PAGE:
In a country that officially embraces the separation of church and state, the audience of mostly Jews and Christians at Temple Beth El in Charlotte, North Carolina, were eager to hear their views. This was the kickoff session of a six-part series on religion and politics. You judge whether the answers by the Muslim, Jew, and Buddhist had more, or less, in common.
The Imam strummed a welcome chord when he pronounced that he who says he should have power is not who should be in power. Only those whom others say should be in power should rule. In the current crush of egos courting voters in the 2016 U. S. presidential elections, the Imam’s words are discordant with the rush of “Me, me, me” on screen, stage, and town halls. The Imam would ask: But whom do the people say should serve? Elizabeth Warren? Michael Bloomberg? Nikki Haley? Jesse Jackson? Rupert Murdoch? Joe Biden? Jon Stewart? Mitt Romney? Alec Baldwin? The Imam seemed to suggest that we need a nomination process based on the masses’ identification of who should lead, and then ask the nominees to campaign appropriately. This reminds me of Shakespeare’s “Some are born great, some achieve greatness, and some have greatness thrust upon them.” (Twelfth Night, II,v) The Imam would seem to urge the latter—that the people should press their desired leaders into service—no more teaching, lawyering, or banking for you: time to lead your country. The role of religion in politics, then, would be to assist the people in identifying right leaders and encouraging them to serve.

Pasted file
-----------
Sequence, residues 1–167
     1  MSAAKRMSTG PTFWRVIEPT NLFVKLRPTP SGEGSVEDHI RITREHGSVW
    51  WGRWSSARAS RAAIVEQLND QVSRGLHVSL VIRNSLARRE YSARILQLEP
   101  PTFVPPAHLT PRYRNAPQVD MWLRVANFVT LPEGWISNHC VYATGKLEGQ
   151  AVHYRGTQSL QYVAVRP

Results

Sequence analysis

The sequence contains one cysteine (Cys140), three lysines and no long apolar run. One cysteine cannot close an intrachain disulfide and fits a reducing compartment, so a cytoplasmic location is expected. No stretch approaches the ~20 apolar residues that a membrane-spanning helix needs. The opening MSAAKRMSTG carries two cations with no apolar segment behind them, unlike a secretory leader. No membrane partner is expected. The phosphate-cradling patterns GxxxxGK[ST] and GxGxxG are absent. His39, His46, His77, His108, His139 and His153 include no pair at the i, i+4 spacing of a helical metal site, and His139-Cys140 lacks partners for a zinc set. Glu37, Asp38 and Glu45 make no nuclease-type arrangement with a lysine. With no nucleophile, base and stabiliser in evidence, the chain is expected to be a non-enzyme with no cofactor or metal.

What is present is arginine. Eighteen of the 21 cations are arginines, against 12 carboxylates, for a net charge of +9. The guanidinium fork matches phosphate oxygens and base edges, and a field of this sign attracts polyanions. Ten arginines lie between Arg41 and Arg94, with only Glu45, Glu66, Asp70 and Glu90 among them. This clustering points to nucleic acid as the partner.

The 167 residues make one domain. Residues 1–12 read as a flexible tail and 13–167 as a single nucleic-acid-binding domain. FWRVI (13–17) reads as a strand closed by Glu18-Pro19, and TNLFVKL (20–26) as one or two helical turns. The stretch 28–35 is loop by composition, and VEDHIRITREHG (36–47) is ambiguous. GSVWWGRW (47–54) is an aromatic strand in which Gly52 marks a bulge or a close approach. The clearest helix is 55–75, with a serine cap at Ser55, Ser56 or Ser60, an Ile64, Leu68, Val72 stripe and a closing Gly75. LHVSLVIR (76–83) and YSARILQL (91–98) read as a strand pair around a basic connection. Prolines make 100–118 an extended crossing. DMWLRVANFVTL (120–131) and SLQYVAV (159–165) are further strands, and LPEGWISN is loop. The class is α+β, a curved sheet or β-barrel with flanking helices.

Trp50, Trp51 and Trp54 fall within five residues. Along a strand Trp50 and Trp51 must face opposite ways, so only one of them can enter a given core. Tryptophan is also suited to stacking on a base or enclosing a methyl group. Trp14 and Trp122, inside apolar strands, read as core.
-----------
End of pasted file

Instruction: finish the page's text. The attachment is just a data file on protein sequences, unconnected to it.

The Rabbi took a different approach, addressing not so much who should serve, but how religion should behave towards those who do serve. “Speak truth to power,” she urged. That is the role of religion. Hold leaders accountable, and do not let them obfuscate fact with fiction. Where the people have great need, and their leaders discount those needs, religionists should hold the leaders to their tacit contract: Keep your eyes on what the people need and do not lose your focus. Do not let ego, fame, power, or the desire to be reelected distract you from compassion for the poor and ill-treated and the need of the electorate to be educated and safe.
The Ronin eschewed the issue of who should serve and how they might be identified, but he did expand on the Rabbi’s plea to speak truth to power. However, the Buddhist leader urged a different style for speaking the truth: It was not so much about calling out a leader’s lies, deceptions, and mistakes, but rather holding a mirror to them so that leaders might discover, and own up to, their distractions from what is right. How? Said the Ronin: It is better that I ask more questions than that I give more answers. Thus, the task of religion is to have dialog, Socrates-like, with our political leaders, such that the people may see their leaders’ ability to withstand the scrutiny of thoughtful interaction, or even interrogation.
To me, the three religious leaders focused not on the dividing line between religion and politics, but on the responsibility of religionists towards politicians. Get the right people to serve, guide them through thoughtful questions, and call them to task when gentle dialog is not enough.